Shrapneliferousness – random link pile

Things I won’t work with, a compendium of truly terrifying chemicals. Sample:
“The experimental section of the paper enjoins the reader to wear a face shield, leather suit, and ear plugs, to work behind all sorts of blast shields, and to use Teflon and stainless steel apparatus so as to minimize shrapnel. Hmm. Ranking my equipment in terms of its shrapneliferousness is not something that’s ever occurred to me, I have to say.”

A Tobin tax would be a very good idea. It’s a tax on financial speculation. Others seem to agree – google trends for “tobin tax”


from here

Spank those objectivists! Objectivism as a trivial and useless solution


(Coz this is artistic, there’s some wanky words mixed in with more pics)

And the Yorkshire Ranter on why the rheotorical styling of conservatives dominates the debate – “Hitler Hitler Hitler Hitler”

5 thoughts on “Shrapneliferousness – random link pile

  1. There are a few problems with a Tobin Tax.

    Firstly, how do you deal with tax havens? It would only take a few countries to decline to participate, and FX trading would go there to avoid being taxed. Maybe if the tax was low enough to make moving operations to Switzerland or Bermuda, that would be uneconomic (the traders would want more money to cover the higher cost of McMansions in Nyon over Chingford, for instance). Or possibly parent companies could be taxed on their FX dealing in their countries of operation – maybe..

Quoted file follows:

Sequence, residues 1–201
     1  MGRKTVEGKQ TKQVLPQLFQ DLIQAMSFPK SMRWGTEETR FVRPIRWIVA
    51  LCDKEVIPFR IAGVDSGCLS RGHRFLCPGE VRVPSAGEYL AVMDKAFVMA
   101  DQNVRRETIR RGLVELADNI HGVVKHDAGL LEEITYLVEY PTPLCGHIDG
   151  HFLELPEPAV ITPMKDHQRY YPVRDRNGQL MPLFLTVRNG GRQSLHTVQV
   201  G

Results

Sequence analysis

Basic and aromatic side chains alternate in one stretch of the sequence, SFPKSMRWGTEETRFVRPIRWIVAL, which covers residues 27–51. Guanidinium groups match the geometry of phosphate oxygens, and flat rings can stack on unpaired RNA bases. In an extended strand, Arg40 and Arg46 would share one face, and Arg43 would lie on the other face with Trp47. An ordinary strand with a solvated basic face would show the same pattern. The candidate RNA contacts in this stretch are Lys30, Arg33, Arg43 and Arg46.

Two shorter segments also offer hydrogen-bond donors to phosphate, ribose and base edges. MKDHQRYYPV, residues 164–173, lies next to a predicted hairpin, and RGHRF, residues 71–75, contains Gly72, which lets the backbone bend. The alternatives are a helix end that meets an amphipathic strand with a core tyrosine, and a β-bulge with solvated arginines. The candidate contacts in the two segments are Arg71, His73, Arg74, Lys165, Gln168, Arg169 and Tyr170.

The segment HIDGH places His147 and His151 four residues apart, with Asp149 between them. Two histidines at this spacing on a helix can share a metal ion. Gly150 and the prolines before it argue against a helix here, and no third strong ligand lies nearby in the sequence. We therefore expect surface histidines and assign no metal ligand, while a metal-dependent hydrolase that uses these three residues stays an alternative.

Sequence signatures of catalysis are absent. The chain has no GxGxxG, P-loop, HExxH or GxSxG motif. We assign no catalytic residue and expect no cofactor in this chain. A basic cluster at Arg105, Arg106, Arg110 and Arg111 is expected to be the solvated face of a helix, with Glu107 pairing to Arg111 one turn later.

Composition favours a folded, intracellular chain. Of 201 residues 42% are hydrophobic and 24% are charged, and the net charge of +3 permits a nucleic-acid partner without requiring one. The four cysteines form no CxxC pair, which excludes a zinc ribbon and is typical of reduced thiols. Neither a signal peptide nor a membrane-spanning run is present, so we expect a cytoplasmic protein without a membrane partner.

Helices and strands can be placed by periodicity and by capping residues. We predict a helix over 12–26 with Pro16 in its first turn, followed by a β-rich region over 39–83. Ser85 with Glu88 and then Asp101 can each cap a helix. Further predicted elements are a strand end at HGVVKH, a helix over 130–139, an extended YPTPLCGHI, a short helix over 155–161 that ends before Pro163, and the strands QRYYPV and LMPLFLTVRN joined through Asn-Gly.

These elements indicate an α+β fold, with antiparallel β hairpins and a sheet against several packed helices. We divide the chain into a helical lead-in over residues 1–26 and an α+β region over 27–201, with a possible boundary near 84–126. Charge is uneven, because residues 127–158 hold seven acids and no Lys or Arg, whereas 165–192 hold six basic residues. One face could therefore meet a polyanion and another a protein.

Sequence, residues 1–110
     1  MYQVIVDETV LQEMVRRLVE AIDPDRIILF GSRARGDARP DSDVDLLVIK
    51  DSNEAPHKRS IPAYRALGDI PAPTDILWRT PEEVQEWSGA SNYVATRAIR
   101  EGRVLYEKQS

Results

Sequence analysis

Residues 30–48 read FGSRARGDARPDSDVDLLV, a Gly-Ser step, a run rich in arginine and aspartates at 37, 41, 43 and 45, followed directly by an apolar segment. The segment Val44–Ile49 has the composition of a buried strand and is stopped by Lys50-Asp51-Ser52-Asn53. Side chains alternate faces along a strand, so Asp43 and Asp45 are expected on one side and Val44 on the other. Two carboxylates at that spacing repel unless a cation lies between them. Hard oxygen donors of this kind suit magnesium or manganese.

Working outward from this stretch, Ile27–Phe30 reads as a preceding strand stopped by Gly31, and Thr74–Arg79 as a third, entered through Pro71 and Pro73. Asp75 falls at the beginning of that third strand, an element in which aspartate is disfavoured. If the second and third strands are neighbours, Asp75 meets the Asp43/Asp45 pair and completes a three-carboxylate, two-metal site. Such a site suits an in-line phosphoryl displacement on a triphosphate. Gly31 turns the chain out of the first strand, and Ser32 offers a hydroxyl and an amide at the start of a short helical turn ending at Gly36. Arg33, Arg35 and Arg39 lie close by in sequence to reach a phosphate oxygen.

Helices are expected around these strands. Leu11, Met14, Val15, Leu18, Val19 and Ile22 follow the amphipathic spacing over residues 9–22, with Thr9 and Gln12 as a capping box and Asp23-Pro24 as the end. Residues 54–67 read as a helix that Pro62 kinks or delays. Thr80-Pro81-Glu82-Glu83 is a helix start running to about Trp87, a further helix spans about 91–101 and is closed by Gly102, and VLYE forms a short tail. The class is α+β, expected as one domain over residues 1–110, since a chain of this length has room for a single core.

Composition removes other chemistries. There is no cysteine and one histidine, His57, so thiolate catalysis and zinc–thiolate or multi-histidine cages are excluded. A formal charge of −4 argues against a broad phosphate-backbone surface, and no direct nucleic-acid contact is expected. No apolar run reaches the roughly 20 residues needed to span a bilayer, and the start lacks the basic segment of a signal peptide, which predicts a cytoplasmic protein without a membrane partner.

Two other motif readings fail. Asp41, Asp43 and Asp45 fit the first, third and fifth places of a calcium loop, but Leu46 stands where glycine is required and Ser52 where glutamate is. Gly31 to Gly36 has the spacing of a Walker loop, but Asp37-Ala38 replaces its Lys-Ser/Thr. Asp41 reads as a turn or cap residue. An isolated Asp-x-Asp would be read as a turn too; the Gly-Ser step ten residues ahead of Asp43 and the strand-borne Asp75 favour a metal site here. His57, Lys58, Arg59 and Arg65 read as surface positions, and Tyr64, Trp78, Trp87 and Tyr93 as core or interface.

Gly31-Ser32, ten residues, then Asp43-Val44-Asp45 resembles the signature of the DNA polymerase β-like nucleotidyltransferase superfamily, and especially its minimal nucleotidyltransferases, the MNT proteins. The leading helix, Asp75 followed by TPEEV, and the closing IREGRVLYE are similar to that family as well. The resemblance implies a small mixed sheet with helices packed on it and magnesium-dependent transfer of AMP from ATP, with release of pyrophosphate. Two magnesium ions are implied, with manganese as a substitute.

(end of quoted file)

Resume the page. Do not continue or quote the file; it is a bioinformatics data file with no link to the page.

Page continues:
The other issue is that the markets need some level of speculation to maintain liquidity. Otherwise, if you take your holiday in the week that Air NZ buy five jumbo jets, you might find the NZ dollar has dropped alarmingly.

    1. 1) The same way we currently deal with tax havens. Both of the options you suggest are in the list of possible approaches.

      2) You only need liquidity so that trades can go ahead, so the market can clear and for prices to reflect the information about the market. However, how much trading is necessary for this is a matter of debate. I’ve seen plenty argue that the financial system could be 1% of it’s current size without any loss of price-setting ability.

      Personally, I’m fine with 99% of those in the City getting the sack. They’re all smart people and I’m sure they’ll end up doing something useful instead.

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